Writing the History of Food Security since 1945

This week’s guest post comes from Dr. Silvia Salvatici, Associate Professor of Contemporary History at the University of Milan. She writes on post-war societies, women refugees, gender and human rights, and European displaced persons in the aftermath of WWII.

Here she introduces some new research on the history of global food security, a topic connected to the Modern & Contemporary History Centre’s upcoming winter roundtable, on 4 December, on the theme “Disentangling the World: The Politics of Autarky after the First World War“.

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Writing the History of Food Security since 1945

DP children in Rosenheim, Germany, 1946, pictured before beginning their evening meal. National Archives and Records Administration, USA, 260-MGG-1062-08. Photo courtesy of Silvia Salvatici.

 

Silvia Salvatici (Università di Milano)

In 1993 the authors of a bibliographic survey conducted for the Institute of Development Studies noted that in the literature “there is no single definition” of food security “but rather a complex weave of inter-related strands, which are adjusted to suit the needs and priority of individual users”[1]. More than twenty years later, this assertion still seems to hold true, in spite of a proliferation of studies that have opened up specific areas of research across a variety of disciplines linking food security to processes of globalization, environmental issues, human rights and individual crisis regions.

The absence of any “single definition” and the presence of different sets of “priorities of individual users” reveal how varied and complex the scholarship is, but they also provide an important opportunity to historians seeking to interpret the measures deployed in the past to combat hunger and malnutrition. The expression “food security” itself, for example, entered current usage in the early nineteen seventies, when the international community was forced to deal with an unexpected dearth of agricultural products on markets and a food crisis afflicting the world’s poorest regions.

In recent years historical studies have been mainly concerned with the meanings attributed to the idea of food security – even if this wasn’t always the expression used – and on how those attributed meanings led to initiatives to alleviate food insecurity. Adopting a variety of perspectives and chronologies, such studies have drawn attention to the many different players and principles involved in determining food needs and the measures aimed at satisfying them.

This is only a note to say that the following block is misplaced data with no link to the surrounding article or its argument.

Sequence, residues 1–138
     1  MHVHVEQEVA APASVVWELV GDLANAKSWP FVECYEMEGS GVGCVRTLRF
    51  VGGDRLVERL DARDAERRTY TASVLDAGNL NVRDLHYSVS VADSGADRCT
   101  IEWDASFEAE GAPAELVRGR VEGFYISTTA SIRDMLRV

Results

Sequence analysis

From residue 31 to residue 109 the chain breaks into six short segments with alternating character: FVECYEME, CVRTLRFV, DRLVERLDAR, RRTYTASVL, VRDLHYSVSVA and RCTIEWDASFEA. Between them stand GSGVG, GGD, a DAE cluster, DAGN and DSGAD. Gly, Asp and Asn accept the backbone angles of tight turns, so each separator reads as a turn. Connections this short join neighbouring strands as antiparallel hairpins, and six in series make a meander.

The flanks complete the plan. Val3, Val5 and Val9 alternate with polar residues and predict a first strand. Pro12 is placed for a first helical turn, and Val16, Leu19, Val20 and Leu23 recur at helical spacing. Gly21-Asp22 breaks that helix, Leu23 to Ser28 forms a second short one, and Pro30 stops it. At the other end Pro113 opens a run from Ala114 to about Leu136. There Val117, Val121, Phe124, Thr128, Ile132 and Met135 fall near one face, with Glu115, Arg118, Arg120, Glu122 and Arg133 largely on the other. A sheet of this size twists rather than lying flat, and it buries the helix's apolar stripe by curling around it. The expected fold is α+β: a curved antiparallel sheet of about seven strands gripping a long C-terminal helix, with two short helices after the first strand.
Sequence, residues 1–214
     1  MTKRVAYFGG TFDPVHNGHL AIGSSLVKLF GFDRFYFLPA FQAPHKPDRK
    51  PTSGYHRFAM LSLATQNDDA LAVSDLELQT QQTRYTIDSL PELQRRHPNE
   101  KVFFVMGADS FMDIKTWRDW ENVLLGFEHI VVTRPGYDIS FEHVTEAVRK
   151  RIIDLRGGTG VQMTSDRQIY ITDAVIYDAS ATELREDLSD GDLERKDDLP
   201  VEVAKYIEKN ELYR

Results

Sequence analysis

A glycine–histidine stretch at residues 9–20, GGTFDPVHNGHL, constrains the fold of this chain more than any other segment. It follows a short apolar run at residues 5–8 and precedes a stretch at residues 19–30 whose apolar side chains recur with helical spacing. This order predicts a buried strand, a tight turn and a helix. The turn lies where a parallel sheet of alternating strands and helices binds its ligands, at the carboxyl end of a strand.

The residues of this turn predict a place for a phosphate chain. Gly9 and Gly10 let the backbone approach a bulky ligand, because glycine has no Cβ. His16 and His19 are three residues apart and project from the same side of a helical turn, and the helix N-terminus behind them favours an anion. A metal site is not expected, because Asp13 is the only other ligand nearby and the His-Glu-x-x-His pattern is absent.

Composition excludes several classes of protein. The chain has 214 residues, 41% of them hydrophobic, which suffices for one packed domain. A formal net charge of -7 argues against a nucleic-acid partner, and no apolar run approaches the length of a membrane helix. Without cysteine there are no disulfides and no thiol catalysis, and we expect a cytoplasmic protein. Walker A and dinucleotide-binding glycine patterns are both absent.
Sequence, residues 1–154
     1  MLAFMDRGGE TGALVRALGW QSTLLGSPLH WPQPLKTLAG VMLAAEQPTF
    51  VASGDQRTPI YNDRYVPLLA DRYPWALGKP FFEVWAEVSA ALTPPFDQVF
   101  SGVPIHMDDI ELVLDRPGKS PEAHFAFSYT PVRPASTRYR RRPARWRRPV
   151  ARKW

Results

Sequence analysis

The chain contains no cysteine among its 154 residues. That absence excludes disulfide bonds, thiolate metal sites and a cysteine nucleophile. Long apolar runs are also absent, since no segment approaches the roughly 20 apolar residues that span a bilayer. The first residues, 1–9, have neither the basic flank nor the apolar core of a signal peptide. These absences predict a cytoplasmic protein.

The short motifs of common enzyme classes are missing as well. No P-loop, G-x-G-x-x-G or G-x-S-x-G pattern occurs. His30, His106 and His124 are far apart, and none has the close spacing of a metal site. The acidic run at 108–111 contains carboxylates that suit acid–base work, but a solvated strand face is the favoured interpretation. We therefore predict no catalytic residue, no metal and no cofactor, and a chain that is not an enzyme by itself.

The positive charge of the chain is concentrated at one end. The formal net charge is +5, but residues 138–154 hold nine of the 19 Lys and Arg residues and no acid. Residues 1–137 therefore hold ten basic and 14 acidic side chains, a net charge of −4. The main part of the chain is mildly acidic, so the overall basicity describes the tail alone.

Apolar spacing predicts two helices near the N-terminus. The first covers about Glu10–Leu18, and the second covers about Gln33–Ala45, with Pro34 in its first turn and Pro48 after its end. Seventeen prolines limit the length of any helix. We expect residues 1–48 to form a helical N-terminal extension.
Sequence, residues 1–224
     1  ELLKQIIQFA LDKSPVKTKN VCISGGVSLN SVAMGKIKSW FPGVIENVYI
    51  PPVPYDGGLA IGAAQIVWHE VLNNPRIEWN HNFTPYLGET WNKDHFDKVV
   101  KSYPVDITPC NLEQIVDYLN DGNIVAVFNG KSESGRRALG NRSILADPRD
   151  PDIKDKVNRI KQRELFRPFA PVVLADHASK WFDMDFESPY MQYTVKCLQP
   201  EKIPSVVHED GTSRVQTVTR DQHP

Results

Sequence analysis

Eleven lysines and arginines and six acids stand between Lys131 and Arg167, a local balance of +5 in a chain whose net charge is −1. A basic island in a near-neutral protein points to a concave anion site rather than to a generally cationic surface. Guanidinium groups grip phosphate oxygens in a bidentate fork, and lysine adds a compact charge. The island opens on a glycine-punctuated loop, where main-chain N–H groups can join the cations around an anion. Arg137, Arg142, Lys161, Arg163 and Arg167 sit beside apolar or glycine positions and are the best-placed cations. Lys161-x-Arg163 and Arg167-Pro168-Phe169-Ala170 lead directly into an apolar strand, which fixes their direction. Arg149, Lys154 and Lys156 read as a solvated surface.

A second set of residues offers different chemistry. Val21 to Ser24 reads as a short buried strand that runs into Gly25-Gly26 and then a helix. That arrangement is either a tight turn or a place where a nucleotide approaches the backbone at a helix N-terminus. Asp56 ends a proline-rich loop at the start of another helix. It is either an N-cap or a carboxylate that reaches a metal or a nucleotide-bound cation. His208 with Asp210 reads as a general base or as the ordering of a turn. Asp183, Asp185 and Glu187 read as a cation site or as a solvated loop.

One of the main streams of scholarship has viewed food security as a matter for global governance and it has looked at the role assumed by international organizations in this regard. In line with this approach, a number of studies have identified the period following the Second World War as a transitional phase, when food security began to be addressed as a separate issue within the United Nations with the setting up of the Food and Agricultural Organization (FAO, 1945) and later the World Food Programme (WFP, 1961). The end of the Second World War has, thus, come to be seen as the beginning of a period that ushered in contemporary food policies. How these policies subsequently unfolded has itself now become a topic of special interest for scholars.

Accordingly, the articles of a recent special issue of the journal Contemporanea: Rivista di storia dell’800 e del ‘900 devoted to “Food Security in the Contemporary World” all focus on global food policies during the second half of the twentieth century[2]. They analyze the institutional framework represented by the United Nations, the ideology of development, and the role of food security in international relations as connecting threads during the decades that followed the end of the Second World War.

However, like many recent studies, this special issue considers 1945 less as a departure point and more as a pivot that needs to be contextualized within a longer chronology, including both the interwar years and the time after the Second World War. In fact, an important cluster of studies has emphasized how the idea endorsed by the United Nations – that food security was a matter for concerted global governance – was already visible in the earlier activities of the League of Nations.

Studying food security as a matter for global governance allows us to trace extended chronologies and identify new turning points, and to this end the history of international organizations (IOs) can offer useful insights. However, the essays in the special issue of Contemporanea show how the role of international organizations can only be fully grasped by looking closely not just at IOs themselves, but at the many players – national governments, non-state actors, experts – who were involved in designing and implementing measures against hunger and malnutrition. This cluster of studies provides a compelling picture of the current state of the research and it also suggests, we hope, new areas that modern and contemporary historians might begin to explore.

[1] M. Smith, M., J. Pointing, and S. Maxwell, Household Food Security: Concepts and Definitions. An annotated Bibliography, Brighton, Institute of Development Studies, 1993, p. 136.

[2] “Food Security in the Contemporary World”, special issue of Contemporanea. Rivista di storia dell’800 e del ‘900, essays of Heike Wieters, Silvia Inaudi, Elisa Grandi, Ruth Jachertz, Alana Mann https://www.rivisteweb.it/issn/1127-3070

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